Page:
Tracking grades to determine overall performance in a course.
Changing study strategies when one is proven ineffective.
Noting the time required to read a difficult text and adjusting the amount of time allotted for reading tasks.
Envisioning a result or consequence based on behavior or performance.
- Identification - Identifying feelings or emotional reactions to particular situations. Recognizing the connection between people or events and emotional reactions in order to moderate the reaction.
- Regulation - using skills or resources to regulate strong emotional reactions. Using concrete and rational thinking to process and cope with strong emotional reactions in a healthy and productive way.
Moderating feelings of stress, anxiety, anger, frustration, etc. to complete a necessary task.
Calming anxiety or stress before a test or presentation.
Using feelings to inform decisions and identify patterns of thinking or behavior and triggering events.
Recognizing the connection between emotional reactions and instigating events.
Being able to process emotional information accurately and use perspective taking skills to problem solve effectively.
Identifying when it is time to begin a task or assignment.
Generating motivation in order to begin a task, particularly when it is an undesirable activity.
Redirecting attention and focus from one task to another, particularly from a desirable task to an undesirable task.
Ability to maintain attention and focus on an activity or assignment when necessary, like taking a test or writing a paper.
Adjusting alertness or focus when important content is being taught or an significant event is taking place.
Remembering that dates or times of assignments or events have been changed or adjusted
Retaining information from a text/video/recording/etc. prior to class in order to participate in course activities
Accurate reading and listening comprehension skills.
Listening to lectures in class while taking notes.
Retrieving information from memory when taking a test or when prompted.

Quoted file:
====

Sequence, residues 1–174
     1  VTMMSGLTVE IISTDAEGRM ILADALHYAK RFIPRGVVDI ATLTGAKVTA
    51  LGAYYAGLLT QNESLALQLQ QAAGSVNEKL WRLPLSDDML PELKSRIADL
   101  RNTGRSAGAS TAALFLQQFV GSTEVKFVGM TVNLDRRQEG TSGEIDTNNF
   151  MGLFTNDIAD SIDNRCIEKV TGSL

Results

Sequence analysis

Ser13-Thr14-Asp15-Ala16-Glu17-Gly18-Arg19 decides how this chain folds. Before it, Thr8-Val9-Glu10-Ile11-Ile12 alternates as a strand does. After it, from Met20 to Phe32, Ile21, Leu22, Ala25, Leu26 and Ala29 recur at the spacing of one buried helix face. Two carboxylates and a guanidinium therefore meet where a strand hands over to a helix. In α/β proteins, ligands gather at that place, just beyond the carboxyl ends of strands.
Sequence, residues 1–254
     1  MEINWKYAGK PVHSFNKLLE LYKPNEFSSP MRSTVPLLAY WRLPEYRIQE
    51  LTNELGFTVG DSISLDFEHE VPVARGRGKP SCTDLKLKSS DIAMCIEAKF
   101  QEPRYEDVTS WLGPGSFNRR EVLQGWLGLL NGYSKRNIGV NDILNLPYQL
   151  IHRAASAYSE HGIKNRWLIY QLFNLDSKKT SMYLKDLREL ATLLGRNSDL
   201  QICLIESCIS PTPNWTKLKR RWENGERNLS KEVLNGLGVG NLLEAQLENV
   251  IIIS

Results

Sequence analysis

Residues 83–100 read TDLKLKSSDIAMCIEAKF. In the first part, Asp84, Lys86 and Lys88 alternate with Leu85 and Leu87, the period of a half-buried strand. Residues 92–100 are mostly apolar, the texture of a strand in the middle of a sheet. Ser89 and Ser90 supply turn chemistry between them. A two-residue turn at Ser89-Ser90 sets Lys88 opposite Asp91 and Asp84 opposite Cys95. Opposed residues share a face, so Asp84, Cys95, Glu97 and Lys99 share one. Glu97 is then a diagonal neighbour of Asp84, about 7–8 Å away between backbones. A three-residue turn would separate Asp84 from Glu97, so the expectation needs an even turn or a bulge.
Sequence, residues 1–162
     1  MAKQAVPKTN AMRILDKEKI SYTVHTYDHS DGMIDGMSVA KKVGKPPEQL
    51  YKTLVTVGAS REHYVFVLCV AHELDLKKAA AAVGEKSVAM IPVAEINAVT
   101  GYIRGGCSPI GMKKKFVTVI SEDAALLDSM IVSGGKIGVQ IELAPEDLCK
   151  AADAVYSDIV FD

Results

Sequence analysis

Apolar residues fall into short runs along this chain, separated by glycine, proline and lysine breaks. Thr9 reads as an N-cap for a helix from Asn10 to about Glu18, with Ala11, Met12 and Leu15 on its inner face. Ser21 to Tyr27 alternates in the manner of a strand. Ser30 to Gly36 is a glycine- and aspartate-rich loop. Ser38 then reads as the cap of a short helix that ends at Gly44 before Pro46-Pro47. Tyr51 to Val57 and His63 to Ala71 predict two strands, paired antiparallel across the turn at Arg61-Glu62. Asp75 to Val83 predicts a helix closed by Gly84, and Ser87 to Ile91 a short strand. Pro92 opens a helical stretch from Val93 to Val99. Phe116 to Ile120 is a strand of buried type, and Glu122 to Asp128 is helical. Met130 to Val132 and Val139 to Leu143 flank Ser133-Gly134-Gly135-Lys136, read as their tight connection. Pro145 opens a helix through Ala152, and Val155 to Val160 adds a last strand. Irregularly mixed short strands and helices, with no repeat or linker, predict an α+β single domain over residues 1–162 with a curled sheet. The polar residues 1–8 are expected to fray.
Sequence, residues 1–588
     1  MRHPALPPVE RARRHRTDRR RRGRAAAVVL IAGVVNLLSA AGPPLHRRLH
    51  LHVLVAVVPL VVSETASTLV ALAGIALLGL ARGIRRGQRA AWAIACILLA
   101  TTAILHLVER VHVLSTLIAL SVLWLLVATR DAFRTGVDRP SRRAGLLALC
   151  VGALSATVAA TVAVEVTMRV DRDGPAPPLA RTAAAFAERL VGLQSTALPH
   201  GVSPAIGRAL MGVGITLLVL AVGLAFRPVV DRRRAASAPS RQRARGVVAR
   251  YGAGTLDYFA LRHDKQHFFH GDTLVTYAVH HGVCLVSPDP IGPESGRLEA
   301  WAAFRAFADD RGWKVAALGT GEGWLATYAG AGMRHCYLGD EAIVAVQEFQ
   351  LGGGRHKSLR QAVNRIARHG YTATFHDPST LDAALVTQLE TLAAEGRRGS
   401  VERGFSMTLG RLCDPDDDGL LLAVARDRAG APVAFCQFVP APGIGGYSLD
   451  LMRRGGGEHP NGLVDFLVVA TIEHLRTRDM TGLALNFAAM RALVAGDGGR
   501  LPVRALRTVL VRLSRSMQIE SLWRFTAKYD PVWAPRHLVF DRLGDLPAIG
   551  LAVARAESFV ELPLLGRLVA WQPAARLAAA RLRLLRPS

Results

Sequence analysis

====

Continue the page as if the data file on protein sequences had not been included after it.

Organization and Planning:
Goal Setting - Predicting and developing realistic goals. Establishing realistic and attainable steps towards a goal.
Organization - Implementing multi-step tasks, in the proper or particular order, to reach a goal. Outlining events or tasks based on priority. Organizing thoughts, ideas, and physical materials in a presentable way. Recognizing order, imposing order, or creating systems to manage information or objects.
- Time Management - Allotting necessary time to a task in context. Tracking time accurately, and estimating the amount of time needed for a task.
Knowing how long it takes to read a challenging text or complete a difficult assignment.
Spending a reasonable amount of time on less important tasks while delegating more time to important tasks
Starting a paper or assignment with adequate time to complete the task.
Using a planning system to organize assignments and other obligations.
Implementing strategic organizational strategies to write papers, complete research, or finish complex assignments
Ability to study/work in reasonable chunks of time
Keeping up with physical or electronic notes, readings, and handouts
Organizing thoughts and ideas in writing coherently
Stopping a desirable task, like watching a movie or spending time with friends, to work on a less desirable task, such as studying or homework.
Attending classes or other obligations unless there is an extenuating circumstance.
Disabling or ignoring distractions such as phones, electronics, or individuals.
Resist calling out in class, making comments, distracting sounds or movements, etc.
Using thoughtful and rational thinking processes to solve a challenging problem in various contexts or people.
- Shifting or Switching - Shifting easily between ideas, activities, or tasks. Revising goals and plans when necessary. Moving past certain situations or events in order to solve a particular problem or complete a necessary task effectively. Generating appropriate alternatives to goals or plans.
Thinking of the “big idea” for a paper while juggling the supporting details to communicate clearly and effectively.
Stopping a particular task or assignment and transitioning to another task or assignment
Identifying and adjusting a strategy or skill when it is not effective, without distress, resistance, or external prompting.
Switching group roles or methods when working with others to be a compatible part of a team or group.
Switching topics or ideas when the first is not effective, particularly for writing or research assignments.
Recognizing how smaller ideas or models fit within a larger theme and communicating the connection.
Making a new plan if something is canceled or moved, without distress, resistance or external prompting.